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DC to AC Converter

  1. Apr 11, 2009 #1
    I'm trying to understand the converter in this link:

    http://en.wikipedia.org/wiki/Power_inverter

    I don't see how the two transistors and the DC source cause the curretn to alternate through the windings. It seems that both transistors would be passing current constantly, not alternating between them.
     
  2. jcsd
  3. Apr 11, 2009 #2
    That's a blocking or a relaxation type of oscillator. It takes advantage of being able to store energy in an inductor, and releasing it. This is a mirror example of I'm not sure if you are familiar, a flip flop oscillator with two transistors and two capacitors.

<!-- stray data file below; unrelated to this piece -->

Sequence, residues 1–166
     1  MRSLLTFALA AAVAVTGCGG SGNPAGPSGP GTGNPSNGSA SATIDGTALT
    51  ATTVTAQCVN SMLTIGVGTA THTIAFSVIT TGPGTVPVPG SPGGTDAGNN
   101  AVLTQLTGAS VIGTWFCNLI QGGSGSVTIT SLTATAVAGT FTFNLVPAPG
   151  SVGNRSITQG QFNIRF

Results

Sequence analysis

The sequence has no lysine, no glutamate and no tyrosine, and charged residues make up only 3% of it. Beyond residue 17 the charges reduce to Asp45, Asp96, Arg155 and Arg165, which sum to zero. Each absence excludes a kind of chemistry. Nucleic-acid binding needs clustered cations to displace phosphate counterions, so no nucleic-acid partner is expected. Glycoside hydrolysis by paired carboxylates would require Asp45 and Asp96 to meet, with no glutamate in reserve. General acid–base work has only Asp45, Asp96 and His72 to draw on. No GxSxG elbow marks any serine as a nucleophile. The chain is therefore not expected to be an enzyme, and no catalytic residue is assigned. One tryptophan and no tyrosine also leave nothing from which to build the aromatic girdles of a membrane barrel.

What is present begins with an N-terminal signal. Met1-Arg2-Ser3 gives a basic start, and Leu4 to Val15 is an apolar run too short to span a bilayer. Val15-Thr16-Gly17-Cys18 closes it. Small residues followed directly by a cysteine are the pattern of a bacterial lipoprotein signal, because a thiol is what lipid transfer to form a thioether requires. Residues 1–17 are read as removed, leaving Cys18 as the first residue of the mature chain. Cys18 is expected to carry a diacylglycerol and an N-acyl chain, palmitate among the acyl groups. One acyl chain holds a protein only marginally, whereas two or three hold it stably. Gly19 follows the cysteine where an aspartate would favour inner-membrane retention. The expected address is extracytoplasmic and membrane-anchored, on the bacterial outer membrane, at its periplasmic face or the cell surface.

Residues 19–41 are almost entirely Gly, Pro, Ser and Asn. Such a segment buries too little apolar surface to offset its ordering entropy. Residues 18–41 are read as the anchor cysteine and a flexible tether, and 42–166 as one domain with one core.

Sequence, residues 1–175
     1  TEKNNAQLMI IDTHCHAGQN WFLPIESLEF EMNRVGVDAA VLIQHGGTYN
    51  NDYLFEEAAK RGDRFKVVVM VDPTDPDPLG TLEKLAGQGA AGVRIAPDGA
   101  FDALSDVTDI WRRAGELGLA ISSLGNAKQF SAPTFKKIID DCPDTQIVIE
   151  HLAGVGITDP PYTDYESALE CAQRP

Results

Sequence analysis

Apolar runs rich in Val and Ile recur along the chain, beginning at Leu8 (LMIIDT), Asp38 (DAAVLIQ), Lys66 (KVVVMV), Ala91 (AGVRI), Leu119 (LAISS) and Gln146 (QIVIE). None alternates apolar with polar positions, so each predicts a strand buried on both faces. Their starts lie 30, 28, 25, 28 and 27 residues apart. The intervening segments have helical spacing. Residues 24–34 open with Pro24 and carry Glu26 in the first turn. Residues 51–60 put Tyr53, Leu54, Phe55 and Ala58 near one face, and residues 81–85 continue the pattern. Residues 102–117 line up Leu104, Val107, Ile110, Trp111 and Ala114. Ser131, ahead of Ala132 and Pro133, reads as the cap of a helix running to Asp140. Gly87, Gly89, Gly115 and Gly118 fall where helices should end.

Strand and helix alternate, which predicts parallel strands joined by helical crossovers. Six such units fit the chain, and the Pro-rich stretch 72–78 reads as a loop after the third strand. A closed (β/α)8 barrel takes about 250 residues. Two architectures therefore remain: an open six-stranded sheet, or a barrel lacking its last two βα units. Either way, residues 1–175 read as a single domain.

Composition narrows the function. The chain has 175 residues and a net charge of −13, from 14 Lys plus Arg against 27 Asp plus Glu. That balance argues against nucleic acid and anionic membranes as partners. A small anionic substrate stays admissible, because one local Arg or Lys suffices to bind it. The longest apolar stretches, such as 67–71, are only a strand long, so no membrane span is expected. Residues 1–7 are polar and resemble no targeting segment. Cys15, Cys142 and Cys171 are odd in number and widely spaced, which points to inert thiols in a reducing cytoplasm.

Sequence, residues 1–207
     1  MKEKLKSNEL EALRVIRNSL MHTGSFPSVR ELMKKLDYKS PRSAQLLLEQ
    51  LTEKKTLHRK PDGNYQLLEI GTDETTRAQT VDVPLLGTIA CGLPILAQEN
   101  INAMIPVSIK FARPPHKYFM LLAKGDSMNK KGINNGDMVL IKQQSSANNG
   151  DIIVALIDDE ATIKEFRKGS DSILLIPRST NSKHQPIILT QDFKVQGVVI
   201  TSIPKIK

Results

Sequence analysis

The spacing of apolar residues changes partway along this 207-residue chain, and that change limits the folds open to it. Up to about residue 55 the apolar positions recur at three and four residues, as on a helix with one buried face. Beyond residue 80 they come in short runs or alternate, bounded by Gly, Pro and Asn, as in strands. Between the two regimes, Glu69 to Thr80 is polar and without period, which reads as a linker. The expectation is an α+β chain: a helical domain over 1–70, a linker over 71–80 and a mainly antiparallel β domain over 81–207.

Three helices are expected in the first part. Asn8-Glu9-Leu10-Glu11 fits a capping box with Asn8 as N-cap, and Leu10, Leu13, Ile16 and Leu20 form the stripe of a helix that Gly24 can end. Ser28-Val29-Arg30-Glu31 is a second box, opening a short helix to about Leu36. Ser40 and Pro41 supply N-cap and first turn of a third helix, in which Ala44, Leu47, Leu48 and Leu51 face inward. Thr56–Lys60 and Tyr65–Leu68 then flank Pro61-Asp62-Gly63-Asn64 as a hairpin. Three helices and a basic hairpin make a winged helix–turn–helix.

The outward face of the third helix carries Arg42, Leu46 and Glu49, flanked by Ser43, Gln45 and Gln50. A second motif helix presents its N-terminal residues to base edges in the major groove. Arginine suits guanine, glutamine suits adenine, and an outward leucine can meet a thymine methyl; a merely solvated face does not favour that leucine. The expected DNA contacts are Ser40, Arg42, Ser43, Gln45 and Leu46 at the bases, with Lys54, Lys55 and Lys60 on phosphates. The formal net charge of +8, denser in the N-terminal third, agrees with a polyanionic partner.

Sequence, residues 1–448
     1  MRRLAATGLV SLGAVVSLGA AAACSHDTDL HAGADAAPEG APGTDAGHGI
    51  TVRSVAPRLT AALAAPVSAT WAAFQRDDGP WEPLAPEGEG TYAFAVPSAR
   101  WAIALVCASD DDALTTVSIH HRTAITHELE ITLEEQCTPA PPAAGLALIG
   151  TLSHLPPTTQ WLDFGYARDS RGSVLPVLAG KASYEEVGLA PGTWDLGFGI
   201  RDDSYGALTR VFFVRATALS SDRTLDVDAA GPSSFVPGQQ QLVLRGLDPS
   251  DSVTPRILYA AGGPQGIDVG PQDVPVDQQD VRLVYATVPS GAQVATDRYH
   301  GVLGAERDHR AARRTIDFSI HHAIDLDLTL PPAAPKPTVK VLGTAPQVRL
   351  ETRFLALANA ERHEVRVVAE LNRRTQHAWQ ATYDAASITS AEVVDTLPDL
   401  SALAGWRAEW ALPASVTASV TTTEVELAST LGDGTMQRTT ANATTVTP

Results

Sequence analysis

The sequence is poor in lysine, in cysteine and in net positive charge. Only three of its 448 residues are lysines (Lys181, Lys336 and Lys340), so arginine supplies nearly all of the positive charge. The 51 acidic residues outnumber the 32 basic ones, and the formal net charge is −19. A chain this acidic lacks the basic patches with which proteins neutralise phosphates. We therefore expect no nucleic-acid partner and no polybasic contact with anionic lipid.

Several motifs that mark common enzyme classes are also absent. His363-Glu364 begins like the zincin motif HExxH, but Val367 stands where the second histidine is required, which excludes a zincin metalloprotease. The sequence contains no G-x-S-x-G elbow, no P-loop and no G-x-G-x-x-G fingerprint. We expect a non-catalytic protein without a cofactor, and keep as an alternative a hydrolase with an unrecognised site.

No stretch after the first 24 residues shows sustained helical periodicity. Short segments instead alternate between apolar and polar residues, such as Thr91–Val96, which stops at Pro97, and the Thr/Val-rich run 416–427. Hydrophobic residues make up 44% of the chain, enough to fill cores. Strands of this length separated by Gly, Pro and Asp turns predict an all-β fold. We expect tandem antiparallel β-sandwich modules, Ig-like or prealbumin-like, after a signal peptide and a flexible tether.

Basically, when you turn it on, a rush of current through the collector coil will induce a voltage in the feedback coil that drives the base of the transistor, thus letting more current to run through the collector until it reaches a steady state. When the current reaches steady state, the main coil is no longer inducing voltage in the feedback base coil, thus the transistor begins to turn off. As the current than ran through the main coil collapses, it will induce oppose voltage in the feedback coil, thus turning off the transistor for good. When that reaches steady state, we are back to step one,
     
  4. Apr 11, 2009 #3
    Durp!

    I've been working with DC and ICs too much. This is the beginning of my journey to better know analog.

    Thanks for the help!

    Also, would increasing the inductance decrease the frequency of the AC?
     
    Last edited: Apr 11, 2009
  5. Apr 11, 2009 #4
    Yes, because it would take longer for the current to reach a steady state in the coil.
     
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